Topspin’s new feature Dynamics Center does everything the old T1/T2 module does, and with much more capability and much less buggy issues. It also processes diffusion data better than the dosy2d command.
Click here for instructions on how to set up diffusion experiments.
The data from these experiments are in pseudo-2D format. Each pseudo-2D file consists of many 1D spectra, each of which is called a slice. To process these data, follow these steps:
Next, you need to perform baseline correction. This is especially imperative if you are tracking some small peaks when there are other much larger peaks present on the spectra, in which imperfect baseline will severely skew your results.
Click the option that you need (T1; T2; diffusion; etc). Then click each step within the option: Sample -> Data -> … For the Data step, you will need to look for the “2rr” file that has been generated by your experiment, as shown in the above figure (unfortunately there are many layers of folders that you will have to dig through). The 2rr file stores the pseudo-2D data, which contains a number of 1D spectra.
Using peak areas is often more desired than using peak intensities, especially your target peaks are broad and ugly (which is actually often the case for interesting objects of relaxation and diffusion study!). In the Data step, after finding the 2rr file in the Spectra tab, click the Integrals tab, select “Use peak areas (user defined) integrals”.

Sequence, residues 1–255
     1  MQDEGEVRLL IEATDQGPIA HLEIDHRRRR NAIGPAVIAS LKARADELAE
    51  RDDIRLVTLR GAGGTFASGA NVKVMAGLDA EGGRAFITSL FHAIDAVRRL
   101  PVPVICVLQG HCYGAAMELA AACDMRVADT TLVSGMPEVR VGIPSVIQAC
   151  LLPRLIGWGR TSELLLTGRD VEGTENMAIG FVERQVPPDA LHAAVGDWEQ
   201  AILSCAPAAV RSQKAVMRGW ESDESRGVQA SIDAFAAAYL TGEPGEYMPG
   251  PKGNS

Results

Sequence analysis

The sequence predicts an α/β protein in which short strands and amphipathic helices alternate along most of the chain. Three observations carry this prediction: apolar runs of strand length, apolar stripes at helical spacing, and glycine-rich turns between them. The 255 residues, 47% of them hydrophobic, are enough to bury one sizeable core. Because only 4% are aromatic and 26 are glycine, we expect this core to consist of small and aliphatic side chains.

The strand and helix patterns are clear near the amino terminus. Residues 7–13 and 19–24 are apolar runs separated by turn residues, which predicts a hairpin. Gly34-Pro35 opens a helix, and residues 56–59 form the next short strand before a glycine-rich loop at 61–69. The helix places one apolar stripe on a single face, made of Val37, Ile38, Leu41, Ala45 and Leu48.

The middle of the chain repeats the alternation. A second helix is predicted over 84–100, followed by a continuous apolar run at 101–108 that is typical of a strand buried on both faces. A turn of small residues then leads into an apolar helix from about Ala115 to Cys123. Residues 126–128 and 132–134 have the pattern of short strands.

After clicking OK, a spectrum will be displayed. You can define your interested peaks and peak integration limits here. There might be a number of peaks that the computer has picked for you that you don’t really care about. Move cursor near one of the peaks, right click, select Delete in a region. Then drag a box around all the computer-picked peaks that you want to get rid of. This will delete these selections.
Next, select the peaks that you are interested in. move the cursor near the peak, right click, then select Add peak integration area. A black bar will appear on the bottom of the peak (see the figure below). You can drag the bar around or resize it. Repeat for all the peaks you are interested in. You could also right click near a peak and select “Resize All” option to change the width of the integral for all the peaks.
In Analysis, you can define the function that you want to fit, and various fitting parameters. For T1 experiment by Inversion Recovery, pick the following fitting function:
In View, you can define various options for display. Then you should get a window like this:
You can get a decay curve for each peak you pick (lower left window; move your mouse to other defined peaks in the upper left window to see decay curves for other peaks in the lower left window), and a 2D spectrum (upper right window) with the vertical dimension displaying the dynamics information (T1, T2, diffusion coefficients, etc). For diffusion data, the upper right figure would be a DOSY spectrum (I think the Dynamics Center does a better job than the “dosy2d” command).
The Report function summarizes all the fitting results. You should pay particular attention to the “error” column, which is the standard deviation of your fitting. Usually, relative standard deviation should be < 5% to indicate a high-quality fit. High errors usually indicate either poor data processing (phase correction; baseline correction) or multiple dynamic components existing in your sample.
The Export function can export the fitting results to an Excel file.
The Help menu has a manual in which you can find the information on how to navigate this relatively easy software package.